When co-founders Danny Steiner and Krista Berlincourt made their debut last year, Kenshō Health, their directory and information service for holistic medicine, Berlincourt called it "the opposite of Goop".
During Gwyneth Paltrows The lifestyle brand startup offers an intoxicating mix of unconfirmed pseudoscientific claims and longstanding holistic practices. Steiner and Berlincourt focused on the verified and verifiable claims of the medical community.
The two founders and their Los Angeles-based team have brought together a group of health care providers from Stanford University. Harvard University, Columbia University and others – all with a focus on accreditation.
Now the service is publicly available, offering the latest information on holistic medicine – based on a partnership with academic publisher Wiley – and a verified list of local doctors for consumers looking for treatments.
"We have six checkpoints, ”says Steiner. "We look at accreditations, experiences, peer reviews and customer reviews and speak to the suppliers themselves to make sure that we are on the same page we want to offer our products on. We do a background check for first class providers."
This review has done a great deal to provide tens of thousands of beta users, according to the company's founders, with a search and discovery tool for information on holistic health and well-being, as well as direct access to holistic naturopaths.
While "wellness" is a nebulous term that often represents therapies with questionable clinical value, it is a huge business in the United States and around the world. Some estimates from industry organizations like the Global Wellness Institute put the industry’s dollar value at around $ 4.2 trillion, from medical tourism to personalized and complementary medicine.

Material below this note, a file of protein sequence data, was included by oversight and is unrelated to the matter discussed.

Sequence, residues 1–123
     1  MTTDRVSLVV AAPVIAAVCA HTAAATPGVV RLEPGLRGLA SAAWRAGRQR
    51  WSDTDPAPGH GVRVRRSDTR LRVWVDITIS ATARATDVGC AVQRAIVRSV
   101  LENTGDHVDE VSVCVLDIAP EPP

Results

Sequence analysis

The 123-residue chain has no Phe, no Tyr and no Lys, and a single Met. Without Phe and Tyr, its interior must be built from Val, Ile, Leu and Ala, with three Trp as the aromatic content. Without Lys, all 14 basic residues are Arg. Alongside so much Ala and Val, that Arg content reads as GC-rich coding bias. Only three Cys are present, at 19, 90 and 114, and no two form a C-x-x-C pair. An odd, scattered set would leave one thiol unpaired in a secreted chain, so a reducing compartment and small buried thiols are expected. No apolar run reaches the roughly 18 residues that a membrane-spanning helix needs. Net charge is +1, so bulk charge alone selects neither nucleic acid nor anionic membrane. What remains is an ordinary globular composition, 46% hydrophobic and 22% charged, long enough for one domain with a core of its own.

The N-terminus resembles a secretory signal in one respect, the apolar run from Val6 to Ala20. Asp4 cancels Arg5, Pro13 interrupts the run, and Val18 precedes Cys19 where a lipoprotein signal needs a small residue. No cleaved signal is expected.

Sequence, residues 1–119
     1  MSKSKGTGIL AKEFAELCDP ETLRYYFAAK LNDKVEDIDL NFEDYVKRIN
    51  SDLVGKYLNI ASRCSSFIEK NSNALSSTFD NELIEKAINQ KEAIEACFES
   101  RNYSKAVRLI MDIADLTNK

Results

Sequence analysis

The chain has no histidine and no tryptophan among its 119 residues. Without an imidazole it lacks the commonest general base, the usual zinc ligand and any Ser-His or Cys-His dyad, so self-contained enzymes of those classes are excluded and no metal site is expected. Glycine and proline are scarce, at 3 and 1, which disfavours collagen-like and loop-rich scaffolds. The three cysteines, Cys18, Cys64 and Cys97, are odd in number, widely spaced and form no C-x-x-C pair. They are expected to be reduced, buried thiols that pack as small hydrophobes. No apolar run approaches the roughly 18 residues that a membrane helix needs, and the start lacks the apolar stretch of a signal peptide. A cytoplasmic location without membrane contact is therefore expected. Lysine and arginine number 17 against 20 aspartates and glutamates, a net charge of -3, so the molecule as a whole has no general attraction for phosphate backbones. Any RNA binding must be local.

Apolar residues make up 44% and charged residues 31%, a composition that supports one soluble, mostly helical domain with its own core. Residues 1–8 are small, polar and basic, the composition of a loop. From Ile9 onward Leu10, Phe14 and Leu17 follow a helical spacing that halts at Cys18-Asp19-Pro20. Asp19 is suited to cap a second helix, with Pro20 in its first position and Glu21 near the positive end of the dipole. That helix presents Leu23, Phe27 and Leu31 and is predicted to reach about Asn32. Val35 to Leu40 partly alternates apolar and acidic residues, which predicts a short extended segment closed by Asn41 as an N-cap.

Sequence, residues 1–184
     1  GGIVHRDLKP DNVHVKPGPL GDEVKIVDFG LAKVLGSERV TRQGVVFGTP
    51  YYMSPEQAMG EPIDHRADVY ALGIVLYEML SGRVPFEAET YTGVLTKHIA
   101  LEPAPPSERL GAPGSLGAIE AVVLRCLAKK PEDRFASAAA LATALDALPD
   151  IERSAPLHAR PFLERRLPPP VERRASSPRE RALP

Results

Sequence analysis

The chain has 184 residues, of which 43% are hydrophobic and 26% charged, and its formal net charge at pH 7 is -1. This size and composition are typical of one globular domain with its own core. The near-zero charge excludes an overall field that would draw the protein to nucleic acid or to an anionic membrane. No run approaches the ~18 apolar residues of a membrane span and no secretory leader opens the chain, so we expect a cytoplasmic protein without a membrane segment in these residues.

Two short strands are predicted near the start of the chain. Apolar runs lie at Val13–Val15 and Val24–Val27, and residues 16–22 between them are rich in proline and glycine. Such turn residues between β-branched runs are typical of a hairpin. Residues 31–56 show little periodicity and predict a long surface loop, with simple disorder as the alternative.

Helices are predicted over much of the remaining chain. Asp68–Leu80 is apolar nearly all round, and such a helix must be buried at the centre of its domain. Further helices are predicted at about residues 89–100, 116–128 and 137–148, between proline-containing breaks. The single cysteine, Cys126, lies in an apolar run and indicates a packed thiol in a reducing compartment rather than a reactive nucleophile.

According to GWI, the complementary medicine component alone offers a market opportunity of $ 360 billion, on which Berlincourt and Steiner are concentrating.
"We wanted to create something that intervenes at the right time," says Berlincourt, a former PR employee who started business after turning to holistic medicine to treat her chronic adrenal failure. “So we built and made a provider network [complementary medicine] easy to understand through research. "
The company encourages vendors on its platform to offer different services to improve accessibility and to ensure that "this doesn't just apply to the wealthy elite," said Berlincourt.
While the service is currently free, both Berlincourt and Steiner state that there are obvious ways to make money that the company will explore after building a solid user base. Various potential sources of income include selling treatment or teaching packages or uploading entries to the website.
Kensho's thesis of a broader market that embraces the principles of holistic medicine appears to be supported by the recent moves by the country's largest government healthcare providers. For the first time, Medicare and Medicaid now officially cover acupuncture as a verified treatment option for certain conditions, the Center for Medicare and Medicaid Services said last week.
There is also broader recognition of the role lifestyle and general health and fitness play in most diseases, says Berlincourt.
"Eighty-seven percent of deaths are lifestyle-related, according to the CDC," she says. "75% of our health care expenditure relates to the diseases associated with these chronic diseases. We don't treat the root cause and people don't know there are other options. "
With the public launch and financial support from investors such as CrossCut Ventures, Female Founders Fund and Evolve Ventures wants to create the "Good Housekeeping Seal of Approval" for wellness providers, according to Berlincourt.
"Conventional medicine wants to play with holistic medicine, but there is no connection. Our goal is to make this connection."